Grant was made a block teacher when he was still a youth, rare at the time. He was ordained a Seventy at 15, rare at the time. In June 1875, when the first Young Men's Mutual Improvement Association was organized in the Salt Lake 13th Ward, Grant 19, was called to serve as a counselor to Junius F. Wells in its presidency. At 26, he served a mission to the Native American Indians from 1883 to 1884. Grant's early church assignments included service on the Church Salary Committee and the Sunday School General Board. Grant was made Second Assistant in the Superintendency of the General YMMIA in 1898; when Joseph F. Smith became president of the church and head of the YMMIA, Grant was made First Assistant, where he served until he became church president. In 1880, Grant became president of the Tooele Utah Stake, moving there with his wife and their children. Around Lucy began to develop health problems. In 1882, Grant was called as a member of the Quorum of the Twelve. Early in his service in the quorum, he made many trips to Arizona, earning the title "The Arizona Apostle."
Grant twice served missions among the Yaqui in Mexico. In 1901, Grant was sent to Japan to open the church's Japanese Mission, he served as the mission president until 1903, when he returned home but was immediately sent to preside over the British and other European missions of the church. He returned from the British mission in 1905. During the ensuing decade and Grant oversaw church education programs, the Genealogical Society of Utah and the Improvement Era. Grant succeeded Joseph F. Smith as church president in November 1918, he was not sustained in the position by the general church membership, until June 1919 because of the influenza pandemic of 1918, which forced a delay of the church's traditional springtime general conference. During his tenure as church president, Grant enforced the 1890 Manifesto outlawing plural marriage and gave guidance as the church's social structure evolved away from its early days of plural marriage. In 1927, he authorized the implementation of the church's "Good Neighbor" policy, intended to reduce antagonism between Latter-day Saints and the US government.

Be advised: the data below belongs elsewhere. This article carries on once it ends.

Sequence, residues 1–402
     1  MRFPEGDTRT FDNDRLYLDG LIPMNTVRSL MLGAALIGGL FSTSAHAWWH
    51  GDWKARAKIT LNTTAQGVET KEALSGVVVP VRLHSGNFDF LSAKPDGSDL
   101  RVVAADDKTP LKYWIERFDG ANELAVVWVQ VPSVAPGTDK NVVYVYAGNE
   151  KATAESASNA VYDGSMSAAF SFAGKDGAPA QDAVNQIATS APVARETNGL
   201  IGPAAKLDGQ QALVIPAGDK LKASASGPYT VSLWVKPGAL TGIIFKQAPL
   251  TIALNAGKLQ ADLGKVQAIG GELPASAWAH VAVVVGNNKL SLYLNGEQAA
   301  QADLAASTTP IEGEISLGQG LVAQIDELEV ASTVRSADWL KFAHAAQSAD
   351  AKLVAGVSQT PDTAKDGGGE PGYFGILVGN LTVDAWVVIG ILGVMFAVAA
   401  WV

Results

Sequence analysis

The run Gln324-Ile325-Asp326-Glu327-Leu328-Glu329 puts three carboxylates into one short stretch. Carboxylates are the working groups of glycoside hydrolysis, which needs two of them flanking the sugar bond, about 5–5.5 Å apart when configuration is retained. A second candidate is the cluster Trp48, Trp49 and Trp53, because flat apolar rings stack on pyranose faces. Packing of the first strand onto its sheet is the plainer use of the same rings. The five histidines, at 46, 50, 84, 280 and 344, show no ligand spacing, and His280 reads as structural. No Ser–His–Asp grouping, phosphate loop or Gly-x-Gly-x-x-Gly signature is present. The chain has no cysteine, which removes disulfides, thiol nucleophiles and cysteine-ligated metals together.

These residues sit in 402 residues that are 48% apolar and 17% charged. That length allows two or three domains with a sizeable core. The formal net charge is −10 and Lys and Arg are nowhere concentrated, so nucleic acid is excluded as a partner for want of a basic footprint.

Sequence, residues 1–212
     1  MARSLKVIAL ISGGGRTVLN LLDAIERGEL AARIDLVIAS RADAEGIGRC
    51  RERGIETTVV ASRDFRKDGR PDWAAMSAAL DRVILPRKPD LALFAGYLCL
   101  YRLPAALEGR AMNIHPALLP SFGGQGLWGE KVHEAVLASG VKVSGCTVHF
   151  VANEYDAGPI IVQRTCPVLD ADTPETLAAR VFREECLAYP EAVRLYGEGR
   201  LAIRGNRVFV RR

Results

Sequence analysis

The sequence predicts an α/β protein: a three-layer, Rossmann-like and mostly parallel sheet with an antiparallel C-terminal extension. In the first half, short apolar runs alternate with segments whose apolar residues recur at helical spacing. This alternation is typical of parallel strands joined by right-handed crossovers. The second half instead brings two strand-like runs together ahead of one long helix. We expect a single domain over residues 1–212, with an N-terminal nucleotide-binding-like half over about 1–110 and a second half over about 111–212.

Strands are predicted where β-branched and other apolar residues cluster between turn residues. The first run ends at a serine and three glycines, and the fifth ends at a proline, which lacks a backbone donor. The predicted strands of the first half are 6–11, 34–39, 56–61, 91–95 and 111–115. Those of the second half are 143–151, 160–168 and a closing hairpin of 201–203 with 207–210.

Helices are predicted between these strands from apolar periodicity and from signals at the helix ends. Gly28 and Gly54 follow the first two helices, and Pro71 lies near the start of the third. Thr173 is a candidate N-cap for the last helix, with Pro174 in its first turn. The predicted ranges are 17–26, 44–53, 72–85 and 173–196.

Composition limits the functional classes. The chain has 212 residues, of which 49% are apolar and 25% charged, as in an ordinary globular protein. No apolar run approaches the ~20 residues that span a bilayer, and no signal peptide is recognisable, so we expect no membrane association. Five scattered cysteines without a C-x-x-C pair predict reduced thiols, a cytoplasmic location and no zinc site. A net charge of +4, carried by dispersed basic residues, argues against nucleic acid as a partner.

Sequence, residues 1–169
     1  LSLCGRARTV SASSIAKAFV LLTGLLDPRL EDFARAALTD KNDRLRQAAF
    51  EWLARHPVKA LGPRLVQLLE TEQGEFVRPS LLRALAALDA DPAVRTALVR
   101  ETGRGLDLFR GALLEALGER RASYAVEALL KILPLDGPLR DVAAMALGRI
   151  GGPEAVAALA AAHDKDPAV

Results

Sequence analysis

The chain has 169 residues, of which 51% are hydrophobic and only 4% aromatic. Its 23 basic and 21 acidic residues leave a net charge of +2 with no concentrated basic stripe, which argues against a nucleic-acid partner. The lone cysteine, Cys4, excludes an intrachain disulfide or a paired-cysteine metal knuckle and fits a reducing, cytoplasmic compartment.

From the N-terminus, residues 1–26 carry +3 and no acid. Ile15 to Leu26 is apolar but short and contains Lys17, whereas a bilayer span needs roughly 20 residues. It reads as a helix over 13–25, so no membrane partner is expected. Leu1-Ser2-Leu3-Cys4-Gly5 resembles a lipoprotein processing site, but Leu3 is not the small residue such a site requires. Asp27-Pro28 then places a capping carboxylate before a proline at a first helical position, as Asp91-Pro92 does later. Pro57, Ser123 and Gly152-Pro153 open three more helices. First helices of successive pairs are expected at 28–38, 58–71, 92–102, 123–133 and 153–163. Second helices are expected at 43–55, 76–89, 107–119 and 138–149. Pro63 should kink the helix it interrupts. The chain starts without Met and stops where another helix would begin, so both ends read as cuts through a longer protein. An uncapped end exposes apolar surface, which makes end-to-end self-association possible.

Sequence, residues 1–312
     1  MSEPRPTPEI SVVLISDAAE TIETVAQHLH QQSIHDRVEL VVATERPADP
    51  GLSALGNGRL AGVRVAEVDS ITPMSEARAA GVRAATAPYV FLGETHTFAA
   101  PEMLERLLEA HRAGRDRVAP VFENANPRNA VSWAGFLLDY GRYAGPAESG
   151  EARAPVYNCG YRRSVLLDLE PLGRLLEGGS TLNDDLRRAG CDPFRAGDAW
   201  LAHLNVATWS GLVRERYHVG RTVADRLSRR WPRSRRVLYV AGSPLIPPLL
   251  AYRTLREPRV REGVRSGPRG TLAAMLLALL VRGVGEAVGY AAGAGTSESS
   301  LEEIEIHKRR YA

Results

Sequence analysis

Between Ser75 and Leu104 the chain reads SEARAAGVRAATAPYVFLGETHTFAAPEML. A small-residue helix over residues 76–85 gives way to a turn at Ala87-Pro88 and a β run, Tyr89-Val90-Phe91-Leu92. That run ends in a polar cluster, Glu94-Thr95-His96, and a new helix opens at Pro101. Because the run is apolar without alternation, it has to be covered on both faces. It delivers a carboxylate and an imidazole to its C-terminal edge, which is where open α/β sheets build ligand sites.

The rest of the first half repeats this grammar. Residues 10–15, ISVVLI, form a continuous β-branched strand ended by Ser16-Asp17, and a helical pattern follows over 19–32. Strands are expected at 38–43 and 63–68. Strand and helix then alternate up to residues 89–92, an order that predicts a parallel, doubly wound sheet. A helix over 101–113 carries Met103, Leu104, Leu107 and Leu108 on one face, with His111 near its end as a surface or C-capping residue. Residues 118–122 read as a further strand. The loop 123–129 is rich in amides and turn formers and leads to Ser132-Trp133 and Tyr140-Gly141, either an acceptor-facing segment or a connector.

Grant dedicated the first temples outside of Utah since Kirtland. The first was the Hawaii Temple, followed by the Alberta Temple, the first outside the United States, the Arizona Temple; the church began the Idaho Falls Temple, which was
Ogden is a city and the county seat of Weber County, United States 10 miles east of the Great Salt Lake and 40 miles north of Salt Lake City. The population was 84,316 in 2014, according to the US Census Bureau, making it Utah's 7th largest city; the city served as a major railway hub through much of its history, still handles a great deal of freight rail traffic which makes it a convenient location for manufacturing and commerce. Ogden is known for its many historic buildings, proximity to the Wasatch Mountains, as the location of Weber State University. Ogden is a principal city of the Ogden–Clearfield, Utah Metropolitan Statistical Area, which includes all of Weber, Morgan and Box Elder counties; the 2010 Census placed the Metro population at 597,159. In 2010, Forbes rated the Ogden-Clearfield MSA as the 6th best place to raise a family. Ogden has had a sister city relationship to Hof since 1954. Named Fort Buenaventura, Ogden was the first permanent settlement by people of European descent in what is now Utah.